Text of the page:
view of new closest prior-art documents and the reliance on
post-published evidence in support of the newly formulated
problem.”

Under 13.7.3, the Board also notices an additional tension
between the ab initio plausibility and ab initio
implausibility standards on the one hand and the principle of free
evaluation of evidence on the other hand: “It is not
immediately clear what could be the legal basis for preventing the
patent proprietor from relying on a particular type of evidence of
a fact relevant to the outcome of the proceedings. Likewise, it is
not clear on what basis a board would be prohibited from taking
into account evidence it finds convincing and decisive.”

In 13.7.4, the referring Board even expresses doubts whether
Inventive Step is a proper legal basis for plausibility.

In summary, it is thus clear that this decision by the Enlarged
Board of Appeal might have considerable impact on the drafting and
prosecution of patent applications at the European Patent Office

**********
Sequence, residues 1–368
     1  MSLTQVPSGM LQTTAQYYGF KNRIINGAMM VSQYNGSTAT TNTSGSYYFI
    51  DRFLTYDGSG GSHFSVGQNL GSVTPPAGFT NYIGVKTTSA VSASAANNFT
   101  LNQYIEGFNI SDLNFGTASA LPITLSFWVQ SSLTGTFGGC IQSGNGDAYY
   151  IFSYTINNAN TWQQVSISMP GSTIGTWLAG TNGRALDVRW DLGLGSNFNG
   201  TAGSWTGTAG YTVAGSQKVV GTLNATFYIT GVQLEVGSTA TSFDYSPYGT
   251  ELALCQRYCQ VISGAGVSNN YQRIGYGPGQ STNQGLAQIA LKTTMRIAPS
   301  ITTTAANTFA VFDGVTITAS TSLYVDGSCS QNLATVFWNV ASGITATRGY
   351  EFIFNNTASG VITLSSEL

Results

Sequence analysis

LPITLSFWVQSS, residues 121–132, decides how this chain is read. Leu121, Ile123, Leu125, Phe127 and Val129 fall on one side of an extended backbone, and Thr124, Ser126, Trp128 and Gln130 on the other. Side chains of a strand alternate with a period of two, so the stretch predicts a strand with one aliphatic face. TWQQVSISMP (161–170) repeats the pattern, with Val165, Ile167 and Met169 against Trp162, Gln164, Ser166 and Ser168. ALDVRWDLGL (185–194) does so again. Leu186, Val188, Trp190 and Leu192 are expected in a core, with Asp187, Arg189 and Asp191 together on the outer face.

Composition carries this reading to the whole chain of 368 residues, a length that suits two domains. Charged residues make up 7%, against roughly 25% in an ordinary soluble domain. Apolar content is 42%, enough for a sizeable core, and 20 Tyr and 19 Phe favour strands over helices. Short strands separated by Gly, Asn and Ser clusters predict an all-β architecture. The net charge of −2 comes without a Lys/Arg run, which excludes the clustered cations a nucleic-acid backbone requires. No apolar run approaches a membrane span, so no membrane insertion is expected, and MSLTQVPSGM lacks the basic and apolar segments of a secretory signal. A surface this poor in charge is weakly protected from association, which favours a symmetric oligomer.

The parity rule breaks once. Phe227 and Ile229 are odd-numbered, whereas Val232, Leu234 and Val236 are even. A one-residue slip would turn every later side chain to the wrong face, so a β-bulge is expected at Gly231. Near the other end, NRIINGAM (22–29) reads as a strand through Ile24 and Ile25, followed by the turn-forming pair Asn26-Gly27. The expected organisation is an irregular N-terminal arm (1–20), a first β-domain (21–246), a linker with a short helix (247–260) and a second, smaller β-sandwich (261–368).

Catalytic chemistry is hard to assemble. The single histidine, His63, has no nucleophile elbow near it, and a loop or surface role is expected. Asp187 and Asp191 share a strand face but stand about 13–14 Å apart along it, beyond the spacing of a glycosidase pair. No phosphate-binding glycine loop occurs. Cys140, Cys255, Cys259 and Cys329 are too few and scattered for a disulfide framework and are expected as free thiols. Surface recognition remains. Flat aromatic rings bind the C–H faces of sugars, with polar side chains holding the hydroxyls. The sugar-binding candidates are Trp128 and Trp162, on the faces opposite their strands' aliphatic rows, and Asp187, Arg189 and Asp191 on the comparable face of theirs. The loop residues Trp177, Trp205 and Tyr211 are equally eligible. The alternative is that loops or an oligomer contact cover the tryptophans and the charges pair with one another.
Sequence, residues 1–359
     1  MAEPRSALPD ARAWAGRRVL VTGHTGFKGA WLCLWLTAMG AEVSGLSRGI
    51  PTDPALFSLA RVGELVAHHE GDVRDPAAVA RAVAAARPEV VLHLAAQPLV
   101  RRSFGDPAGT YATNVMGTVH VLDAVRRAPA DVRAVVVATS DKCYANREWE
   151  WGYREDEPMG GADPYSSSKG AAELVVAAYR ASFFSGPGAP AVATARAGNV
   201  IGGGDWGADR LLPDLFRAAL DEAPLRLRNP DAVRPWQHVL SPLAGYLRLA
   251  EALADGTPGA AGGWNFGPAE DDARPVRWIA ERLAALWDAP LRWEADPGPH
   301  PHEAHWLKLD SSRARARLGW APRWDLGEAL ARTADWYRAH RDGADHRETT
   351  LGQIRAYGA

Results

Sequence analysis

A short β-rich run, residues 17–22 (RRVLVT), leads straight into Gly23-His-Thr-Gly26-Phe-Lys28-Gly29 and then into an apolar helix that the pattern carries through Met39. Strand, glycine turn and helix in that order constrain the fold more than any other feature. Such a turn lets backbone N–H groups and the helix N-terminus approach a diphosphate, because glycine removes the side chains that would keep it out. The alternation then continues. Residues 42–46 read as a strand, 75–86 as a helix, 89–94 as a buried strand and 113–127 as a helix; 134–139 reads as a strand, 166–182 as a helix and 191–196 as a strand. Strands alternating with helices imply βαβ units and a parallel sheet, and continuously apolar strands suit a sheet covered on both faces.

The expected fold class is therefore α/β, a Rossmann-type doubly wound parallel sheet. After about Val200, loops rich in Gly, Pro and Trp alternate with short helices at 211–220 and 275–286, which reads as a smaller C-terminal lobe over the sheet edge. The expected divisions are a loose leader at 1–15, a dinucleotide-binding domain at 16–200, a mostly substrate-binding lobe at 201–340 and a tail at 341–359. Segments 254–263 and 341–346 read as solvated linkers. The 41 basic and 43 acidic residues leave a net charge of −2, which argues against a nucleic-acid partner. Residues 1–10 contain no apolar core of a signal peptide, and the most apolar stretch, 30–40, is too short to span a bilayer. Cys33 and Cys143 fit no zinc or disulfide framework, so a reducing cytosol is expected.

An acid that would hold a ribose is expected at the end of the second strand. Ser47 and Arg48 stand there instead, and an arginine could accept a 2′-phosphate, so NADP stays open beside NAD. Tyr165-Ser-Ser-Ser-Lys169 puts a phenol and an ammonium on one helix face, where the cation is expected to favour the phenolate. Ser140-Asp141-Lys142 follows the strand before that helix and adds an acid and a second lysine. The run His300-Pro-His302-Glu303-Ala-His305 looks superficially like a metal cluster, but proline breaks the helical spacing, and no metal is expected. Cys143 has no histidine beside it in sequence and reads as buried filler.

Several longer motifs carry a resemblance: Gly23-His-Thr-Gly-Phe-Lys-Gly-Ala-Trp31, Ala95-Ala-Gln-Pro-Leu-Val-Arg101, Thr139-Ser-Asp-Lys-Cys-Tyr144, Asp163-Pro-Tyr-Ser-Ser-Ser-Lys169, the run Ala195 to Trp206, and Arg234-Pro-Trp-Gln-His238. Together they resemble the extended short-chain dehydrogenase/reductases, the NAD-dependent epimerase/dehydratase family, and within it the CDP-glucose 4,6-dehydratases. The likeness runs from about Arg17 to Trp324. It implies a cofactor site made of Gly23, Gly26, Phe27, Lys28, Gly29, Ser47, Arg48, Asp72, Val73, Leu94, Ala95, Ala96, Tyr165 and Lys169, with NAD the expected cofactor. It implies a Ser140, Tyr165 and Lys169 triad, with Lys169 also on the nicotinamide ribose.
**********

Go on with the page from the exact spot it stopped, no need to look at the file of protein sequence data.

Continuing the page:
and deals with quite fundamental issues to patenting. To what
extent the Enlarged Board of Appeal will provide guidance on the
issue of plausibility in establishing inventive step, and to what
extent it accepts its role and assesses uniform application of the
law in that regard, will have to be seen. The issue has an impact
on the burden of proof in the case of opposition proceedings:
“Under the ab initio plausibility line of case law to
which the second referral question refers, it is the patent
proprietor that has to prove plausibility while in the ab
initio
implausibility line of case law, to which the third
referral question refers, it is the opponent that has to show
implausibility” (14. of the referral).

We can, of course, provide advice on how to establish a solid
basis for a patent application by data and theoretical and
practical knowledge and can support you by drafting and prosecuting
patent applications and defend or enforce patents with a good
chance of success, considering and providing advice with regard to
the potential issues in view of the plausibility issue, based on
experience and an appropriate amount of intuition.

Originally published 9 November 2021

The content of this article is intended to provide a general
guide to the subject matter. Specialist advice should be sought
about your specific circumstances.